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Gospel has ‘economic role,’ say Ghana leaders: CEN 10.05.07 p 8. October 6, 2007

Posted by geoconger in Church of England Newspaper, Church of the Province of West Africa, Development/Economics/Govt Finances, Global South.

The Gospel of Jesus Christ speaks not only of personal transformation, but of economic empowerment and community development, a gathering of Church leaders in Ghana stated last week.

Representatives from nine Provinces gathered in Accra from Sept 19-22 for the second Global South Economic Empowerment Consultation. Delegates from the Congo, Indian Ocean, Jerusalem and Middle East, Kenya, Nigeria, South East Asia, Uganda, Papua New Guinea and West Africa along with speakers from the UK, US, Tanzania and Kenya, and conference secretary Bishop Martyn Minns of CANA released a statement calling for the Church to develop the human capital found in the developing world.

Beginning their work with an examination of Scripture, the consultation observed Jesus “speaks more often about money and the right use of financial resources than he does about prayer.”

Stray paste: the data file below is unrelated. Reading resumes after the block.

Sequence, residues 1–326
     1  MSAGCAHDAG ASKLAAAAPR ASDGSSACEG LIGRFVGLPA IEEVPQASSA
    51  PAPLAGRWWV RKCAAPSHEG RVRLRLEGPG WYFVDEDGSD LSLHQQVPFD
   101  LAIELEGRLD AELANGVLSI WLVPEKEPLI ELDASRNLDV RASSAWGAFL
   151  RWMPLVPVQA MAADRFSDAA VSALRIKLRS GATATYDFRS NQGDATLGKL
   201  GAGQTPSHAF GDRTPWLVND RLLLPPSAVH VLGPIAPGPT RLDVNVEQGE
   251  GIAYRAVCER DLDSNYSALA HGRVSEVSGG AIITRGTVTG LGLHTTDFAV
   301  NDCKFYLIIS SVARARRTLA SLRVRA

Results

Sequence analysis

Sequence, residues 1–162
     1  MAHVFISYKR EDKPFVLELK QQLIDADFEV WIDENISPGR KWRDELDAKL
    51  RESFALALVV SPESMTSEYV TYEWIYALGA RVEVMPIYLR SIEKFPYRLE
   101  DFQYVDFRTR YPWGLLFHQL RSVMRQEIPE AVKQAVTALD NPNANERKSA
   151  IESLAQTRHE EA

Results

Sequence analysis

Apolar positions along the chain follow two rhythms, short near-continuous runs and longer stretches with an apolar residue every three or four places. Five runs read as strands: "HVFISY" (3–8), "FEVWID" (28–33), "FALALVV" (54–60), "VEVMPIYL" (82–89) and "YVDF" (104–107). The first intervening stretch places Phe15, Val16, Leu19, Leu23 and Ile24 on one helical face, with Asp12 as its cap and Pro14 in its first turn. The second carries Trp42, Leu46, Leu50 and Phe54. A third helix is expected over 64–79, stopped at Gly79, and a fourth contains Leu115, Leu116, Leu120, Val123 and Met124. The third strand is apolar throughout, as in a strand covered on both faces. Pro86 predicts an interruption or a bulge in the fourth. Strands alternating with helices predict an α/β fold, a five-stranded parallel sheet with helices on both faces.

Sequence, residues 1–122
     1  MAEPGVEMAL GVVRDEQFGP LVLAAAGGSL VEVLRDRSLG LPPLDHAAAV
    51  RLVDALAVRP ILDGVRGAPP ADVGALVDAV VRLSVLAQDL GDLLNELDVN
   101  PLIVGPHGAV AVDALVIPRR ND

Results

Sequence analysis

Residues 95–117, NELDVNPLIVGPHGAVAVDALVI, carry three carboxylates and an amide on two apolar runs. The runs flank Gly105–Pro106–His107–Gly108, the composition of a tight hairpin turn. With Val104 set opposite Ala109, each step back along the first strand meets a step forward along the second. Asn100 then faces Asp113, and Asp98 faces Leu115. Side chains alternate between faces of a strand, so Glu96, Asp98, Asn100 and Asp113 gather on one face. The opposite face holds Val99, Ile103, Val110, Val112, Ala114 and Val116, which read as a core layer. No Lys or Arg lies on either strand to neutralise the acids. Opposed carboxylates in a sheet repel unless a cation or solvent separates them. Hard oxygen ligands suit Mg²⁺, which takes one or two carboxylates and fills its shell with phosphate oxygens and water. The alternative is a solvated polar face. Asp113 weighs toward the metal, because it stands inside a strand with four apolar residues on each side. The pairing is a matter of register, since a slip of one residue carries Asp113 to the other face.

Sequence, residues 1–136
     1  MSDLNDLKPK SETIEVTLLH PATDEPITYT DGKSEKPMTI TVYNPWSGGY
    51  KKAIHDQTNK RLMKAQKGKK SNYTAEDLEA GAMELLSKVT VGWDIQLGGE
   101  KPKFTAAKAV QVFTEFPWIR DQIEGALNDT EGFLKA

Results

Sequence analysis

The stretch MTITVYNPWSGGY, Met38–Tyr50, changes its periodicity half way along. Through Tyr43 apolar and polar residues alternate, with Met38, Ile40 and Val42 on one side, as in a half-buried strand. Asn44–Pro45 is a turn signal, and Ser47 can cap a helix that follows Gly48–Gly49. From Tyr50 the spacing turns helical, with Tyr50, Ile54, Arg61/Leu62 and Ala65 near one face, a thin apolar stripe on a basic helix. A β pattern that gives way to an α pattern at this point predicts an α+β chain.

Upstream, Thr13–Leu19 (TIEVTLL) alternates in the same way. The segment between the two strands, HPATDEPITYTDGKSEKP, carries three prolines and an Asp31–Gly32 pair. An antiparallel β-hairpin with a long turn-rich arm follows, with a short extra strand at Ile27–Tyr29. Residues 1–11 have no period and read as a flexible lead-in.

By building upon a Scriptural and moral foundation that honors God, the Churches in the developing world could develop their greatest resource: “the men and women, young and old, who make up its active membership and are the primary source of income for our churches.”

Business education and managerial training were essential tools for the transformation of the developing world, they argued. The consultation “developed specific action plans for Economic Empowerment for each Province represented” and called for the creation of “Peer Review Teams” to bolster oversight of the church’s economic redevelopment programs.

“We have gathered in Ghana, formerly the Gold Coast, as this nation celebrates fifty years of independence as a sovereign state after its years as a colonial territory of Great Britain,” the consultation stated. “At the time of independence there were high hopes for freedom and prosperity that are only now beginning to be realized,” they added, commending market-driven models of economic development that break with the failed policies of the last century that had squandered much of the continent’s resources.

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